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SSL certificate_verify_failed errors typically occur as a result of outdated Python default certificates or invalid root certificates. We will cover how to fix this issue in 4 ways in this article.

Why certificate_verify_failed  happen?

The SSL connection will be established based on the following process.   We will get errors if any of these steps does not go well.

For this error certificate_verify_failed, it usually happens during step 2 and step 3.

  • The client sends a request to the server for a secure session. The server responds by sending its X.509 digital certificate to the client.
  • The client receives the server’s X.509 digital certificate.
  • The client authenticates the server, using a list of known certificate authorities.
  • The client generates a random symmetric key and encrypts it using server’s public key.
  • The client and server now both know the symmetric key and can use the SSL encryption process to encrypt and decrypt the information contained in the client request and the server response.


When the client receives the server’s certificate, it begins chaining that certificate back to its root. It will begin by following the chain to the intermediate that has been installed, from there it continues tracing backwards until it arrives at a trusted root certificate.

If the certificate is valid and can be chained back to a trusted root, it will be trusted. If it can’t be chained back to a trusted root, the browser will issue a warning about the certificate.

Related: Check SSL Certificate Chain with OpenSSL Examples

Error info about certificate_verify_failed

We will see the following error.

<urlopen error [SSL: CERTIFICATE_VERIFY_FAILED] certificate verify failed (_ssl.c:777)>

Here is a detailed post about how to check SSL certificate.

4 Ways to Check SSL certificate

What is SSL certificate

Server certificates are the most popular type of X.509 certificate. SSL/TLS certificates are issued to hostnames (machine names like ‘ABC-SERVER-02’ or domain names like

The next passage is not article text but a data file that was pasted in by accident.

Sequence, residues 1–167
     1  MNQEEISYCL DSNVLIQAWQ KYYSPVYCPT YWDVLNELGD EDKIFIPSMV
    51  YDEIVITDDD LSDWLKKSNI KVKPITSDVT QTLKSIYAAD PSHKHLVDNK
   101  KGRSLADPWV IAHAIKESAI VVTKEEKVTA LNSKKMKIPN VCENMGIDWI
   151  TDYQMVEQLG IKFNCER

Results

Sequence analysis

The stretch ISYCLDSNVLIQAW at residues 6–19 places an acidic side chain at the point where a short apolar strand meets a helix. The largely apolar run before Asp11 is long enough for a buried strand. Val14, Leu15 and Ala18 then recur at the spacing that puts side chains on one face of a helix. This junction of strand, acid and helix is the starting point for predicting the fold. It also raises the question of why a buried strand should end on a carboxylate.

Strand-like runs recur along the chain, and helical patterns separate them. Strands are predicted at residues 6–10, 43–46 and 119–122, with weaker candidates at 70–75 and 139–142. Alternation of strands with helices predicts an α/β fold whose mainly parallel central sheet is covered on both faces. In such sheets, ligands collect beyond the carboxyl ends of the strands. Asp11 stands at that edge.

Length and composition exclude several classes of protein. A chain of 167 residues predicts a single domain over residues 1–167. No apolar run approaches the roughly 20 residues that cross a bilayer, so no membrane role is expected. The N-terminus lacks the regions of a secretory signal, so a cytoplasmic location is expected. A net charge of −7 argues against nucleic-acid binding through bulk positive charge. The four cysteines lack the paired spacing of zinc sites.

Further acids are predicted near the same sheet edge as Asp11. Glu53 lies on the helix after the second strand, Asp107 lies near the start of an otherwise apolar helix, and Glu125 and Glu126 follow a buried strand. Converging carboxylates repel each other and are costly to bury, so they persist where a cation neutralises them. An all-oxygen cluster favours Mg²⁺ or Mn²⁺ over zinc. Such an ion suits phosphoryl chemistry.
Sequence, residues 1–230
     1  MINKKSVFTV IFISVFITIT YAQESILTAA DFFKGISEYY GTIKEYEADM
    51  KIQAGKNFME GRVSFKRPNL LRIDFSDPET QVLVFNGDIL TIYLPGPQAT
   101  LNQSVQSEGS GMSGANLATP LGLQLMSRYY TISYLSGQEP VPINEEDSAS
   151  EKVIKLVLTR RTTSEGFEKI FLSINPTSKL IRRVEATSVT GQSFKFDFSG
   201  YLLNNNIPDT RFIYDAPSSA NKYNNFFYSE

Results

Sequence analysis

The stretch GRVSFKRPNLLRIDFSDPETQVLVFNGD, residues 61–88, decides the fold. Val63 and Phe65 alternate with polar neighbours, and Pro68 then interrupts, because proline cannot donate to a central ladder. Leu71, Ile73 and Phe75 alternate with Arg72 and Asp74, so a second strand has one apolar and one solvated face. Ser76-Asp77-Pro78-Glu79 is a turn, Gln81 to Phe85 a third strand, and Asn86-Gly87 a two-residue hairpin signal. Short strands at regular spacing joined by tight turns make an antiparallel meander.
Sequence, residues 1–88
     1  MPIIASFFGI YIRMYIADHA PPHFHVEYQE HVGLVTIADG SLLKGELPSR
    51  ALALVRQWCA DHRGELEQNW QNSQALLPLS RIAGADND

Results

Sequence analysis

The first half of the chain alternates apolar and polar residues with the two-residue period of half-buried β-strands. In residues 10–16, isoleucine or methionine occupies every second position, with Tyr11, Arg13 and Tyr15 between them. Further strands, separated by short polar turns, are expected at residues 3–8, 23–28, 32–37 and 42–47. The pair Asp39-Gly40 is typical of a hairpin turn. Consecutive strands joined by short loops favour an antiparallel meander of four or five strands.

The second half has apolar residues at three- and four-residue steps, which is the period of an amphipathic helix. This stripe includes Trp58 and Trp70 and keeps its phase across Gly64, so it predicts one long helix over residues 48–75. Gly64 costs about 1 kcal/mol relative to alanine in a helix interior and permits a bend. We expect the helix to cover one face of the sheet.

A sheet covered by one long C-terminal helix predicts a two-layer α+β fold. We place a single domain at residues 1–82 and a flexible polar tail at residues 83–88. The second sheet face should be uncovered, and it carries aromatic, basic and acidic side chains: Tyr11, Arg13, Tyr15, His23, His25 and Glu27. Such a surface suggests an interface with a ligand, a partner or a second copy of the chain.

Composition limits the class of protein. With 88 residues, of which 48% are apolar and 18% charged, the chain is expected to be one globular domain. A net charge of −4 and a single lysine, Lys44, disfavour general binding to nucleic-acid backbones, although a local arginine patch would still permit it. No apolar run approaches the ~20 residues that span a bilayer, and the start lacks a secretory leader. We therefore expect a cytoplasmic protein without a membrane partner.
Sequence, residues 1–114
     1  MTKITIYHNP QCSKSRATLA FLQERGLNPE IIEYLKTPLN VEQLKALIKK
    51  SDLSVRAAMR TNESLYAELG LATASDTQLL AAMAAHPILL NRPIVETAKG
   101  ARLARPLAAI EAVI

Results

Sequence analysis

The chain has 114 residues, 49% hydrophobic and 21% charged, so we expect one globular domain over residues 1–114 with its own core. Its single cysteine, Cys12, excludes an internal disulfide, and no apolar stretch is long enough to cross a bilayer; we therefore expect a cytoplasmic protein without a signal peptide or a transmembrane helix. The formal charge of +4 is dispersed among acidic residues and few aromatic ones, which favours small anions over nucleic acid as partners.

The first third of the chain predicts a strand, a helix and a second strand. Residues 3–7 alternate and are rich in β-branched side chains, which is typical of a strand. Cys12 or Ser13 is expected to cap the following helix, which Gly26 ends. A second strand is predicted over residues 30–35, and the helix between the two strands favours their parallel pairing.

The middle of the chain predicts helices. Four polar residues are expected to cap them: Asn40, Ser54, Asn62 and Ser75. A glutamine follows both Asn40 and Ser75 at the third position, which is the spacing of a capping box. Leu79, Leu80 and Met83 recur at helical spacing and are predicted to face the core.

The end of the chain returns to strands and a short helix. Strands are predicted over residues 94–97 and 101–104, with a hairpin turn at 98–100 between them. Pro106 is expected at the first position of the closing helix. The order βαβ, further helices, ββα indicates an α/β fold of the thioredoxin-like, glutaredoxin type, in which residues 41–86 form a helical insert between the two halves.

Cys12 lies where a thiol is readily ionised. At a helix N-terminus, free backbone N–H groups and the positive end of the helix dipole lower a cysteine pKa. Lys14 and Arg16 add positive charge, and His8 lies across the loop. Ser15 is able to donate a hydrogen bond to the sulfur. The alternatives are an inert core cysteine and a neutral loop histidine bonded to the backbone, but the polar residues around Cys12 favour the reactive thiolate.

A server certificate is a file installed on a website’s origin server. It’s simply a data file containing the public key and the identity of the website owner, along with other information. Without a server certificate, a website’s traffic can’t be encrypted with TLS.

Technically, any website owner can create their own server certificate, and such certificates are called self-signed certificates. However, browsers do not consider self-signed certificates to be as trustworthy as SSL certificates issued by a certificate authority.

Related: 2 Ways to Create self signed certificate with Openssl Command

How to fix certificate_verify_failed?

If you receive the “certificate_verify_failed” error when trying to connect to a website, it means that the certificate on the website is not trusted. There are a few different ways to fix this error.

We will skip the SSL certificate check in the first three solutions.  For the fourth solution, we are going to install the latest CA certificate from certifi.

Create unverified context in SSL

import ssl
context = ssl._create_unverified_context()

Create unverified https context in SSL

import ssl
ssl._create_default_https_context = ssl._create_unverified_context

Use requests module and set ssl verify to false

requests.get(url, headers=Hostreferer,verify=False)

Update SSL certificate with PIP

we can also update our SSL certificate With PIP.  All we would have to do is  to update our SSL certificate directory with the following piece of code: pip install –upgrade certifi

What this command does is update our system’s SSL certificate directory.


Understanding SSL certificates

Check SSL Certificate Chain with OpenSSL Examples

5 ways to check SSL Certificate

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